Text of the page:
Jean-Luc Persecuted


By C.F. Ramuz

Translated by Olivia Baes

The first English translation of a classic by Switzerland’s most formative writer—a masterful exploration of societal pressure’s explosive effects.

Publication Date: August 11, 2020

Paperback: 9781646050161

eBook: 9781646050178



Jean-Luc Persecuted follows the ill-fated life of an unhappily married man, In a small mountainous village where everybody knows everybody, Jean-Luc and his wife Christine live with their newborn son and neighbors in pastoral peace. However, Jean-Luc’s life reels into manic, unstoppable chaos when he arrives home one evening and his wife is nowhere to be found. When he concludes that his wife has pursued an affair with her former lover and left him with their child, he falls toward unstoppable mental collapse, surrounded by villagers unable to effect real change.

A never-before-translated novel that exemplifies the style of iconic Swiss writer C.F. Ramuz, Jean-Luc Persecuted follows the explosive downfall of a man in the wake of societal pressure.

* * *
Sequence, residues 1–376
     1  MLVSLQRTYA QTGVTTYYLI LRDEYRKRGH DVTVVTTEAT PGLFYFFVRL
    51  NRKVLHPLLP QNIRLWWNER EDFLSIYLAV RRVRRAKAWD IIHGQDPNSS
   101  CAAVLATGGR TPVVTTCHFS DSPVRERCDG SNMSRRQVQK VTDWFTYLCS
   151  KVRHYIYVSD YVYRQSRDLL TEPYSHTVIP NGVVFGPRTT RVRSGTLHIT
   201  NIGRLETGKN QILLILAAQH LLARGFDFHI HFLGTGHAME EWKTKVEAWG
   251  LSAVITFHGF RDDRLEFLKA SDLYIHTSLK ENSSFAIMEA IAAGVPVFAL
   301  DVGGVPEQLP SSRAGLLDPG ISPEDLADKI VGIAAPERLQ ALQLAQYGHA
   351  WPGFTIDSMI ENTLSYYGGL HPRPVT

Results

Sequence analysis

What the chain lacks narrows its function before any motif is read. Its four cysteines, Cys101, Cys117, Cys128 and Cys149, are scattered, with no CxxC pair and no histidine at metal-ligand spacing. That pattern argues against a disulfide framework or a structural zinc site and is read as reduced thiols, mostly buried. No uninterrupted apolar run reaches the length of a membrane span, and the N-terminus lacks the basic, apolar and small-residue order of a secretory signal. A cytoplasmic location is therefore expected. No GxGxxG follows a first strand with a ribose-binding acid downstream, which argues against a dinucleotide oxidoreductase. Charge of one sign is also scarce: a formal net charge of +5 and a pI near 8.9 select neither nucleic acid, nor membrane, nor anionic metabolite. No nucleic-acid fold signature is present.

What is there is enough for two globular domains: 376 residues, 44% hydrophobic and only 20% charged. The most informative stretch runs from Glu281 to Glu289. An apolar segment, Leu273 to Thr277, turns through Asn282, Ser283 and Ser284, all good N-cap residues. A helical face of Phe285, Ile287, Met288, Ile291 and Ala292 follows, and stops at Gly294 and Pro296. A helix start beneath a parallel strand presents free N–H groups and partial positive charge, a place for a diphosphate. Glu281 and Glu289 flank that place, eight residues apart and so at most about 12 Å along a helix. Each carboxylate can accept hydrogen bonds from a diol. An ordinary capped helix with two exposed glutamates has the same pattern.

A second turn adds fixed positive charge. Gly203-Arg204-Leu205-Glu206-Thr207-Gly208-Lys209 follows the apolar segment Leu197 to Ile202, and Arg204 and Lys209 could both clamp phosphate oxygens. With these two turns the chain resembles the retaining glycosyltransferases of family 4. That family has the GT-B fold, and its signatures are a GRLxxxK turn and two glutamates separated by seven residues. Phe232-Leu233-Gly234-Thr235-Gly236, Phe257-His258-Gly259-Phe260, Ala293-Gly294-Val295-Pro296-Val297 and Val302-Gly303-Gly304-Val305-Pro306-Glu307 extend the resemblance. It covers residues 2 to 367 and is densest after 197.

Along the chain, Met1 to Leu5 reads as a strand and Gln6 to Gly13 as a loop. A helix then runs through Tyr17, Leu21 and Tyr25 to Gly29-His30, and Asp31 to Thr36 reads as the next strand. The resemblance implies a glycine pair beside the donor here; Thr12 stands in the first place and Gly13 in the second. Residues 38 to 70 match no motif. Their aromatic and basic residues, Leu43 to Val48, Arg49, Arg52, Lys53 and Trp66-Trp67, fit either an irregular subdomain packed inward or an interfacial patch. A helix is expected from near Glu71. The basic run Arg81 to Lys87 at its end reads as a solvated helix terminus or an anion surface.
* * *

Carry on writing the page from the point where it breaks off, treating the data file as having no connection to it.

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“Mankind in Ramuz’s view can perpetually self-generate instead o self-destruct by embracing an inner beauty that is the source of our self-worth and empathy. He reminds his readers that an eternal state of flux is the only way to uncover those hidden layers and webs of selves, where we can stretch ourselves among others for a more whole and transcendent being.” – Jennifer Kurdyla, Music & Literature

“Through the telescope of time, it is now easy to see how navigating both fluidity and fragmentation allowed Ramuz to join those twentieth-century novelists who redefined literature—Proust, Woolf, and Mann.” – Patti M. Marxsen, Asymptote Journal

“Jean-Luc descends into alcoholism and madness, wandering into the village wearing the helmet of a papal Swiss Guard and carrying a burden that, as the gendarmes chase him into the mountains, transforms the novel into a painful tale of isolation and woe … . Plainly, even matter-of-factly written, the story is a downer but an affecting one that leaves readers wishing that Jean-Luc had had better luck. Translated for the first time in English, Ramuz’s slender story will interest students of early European modernism.” – Kirkus Reviews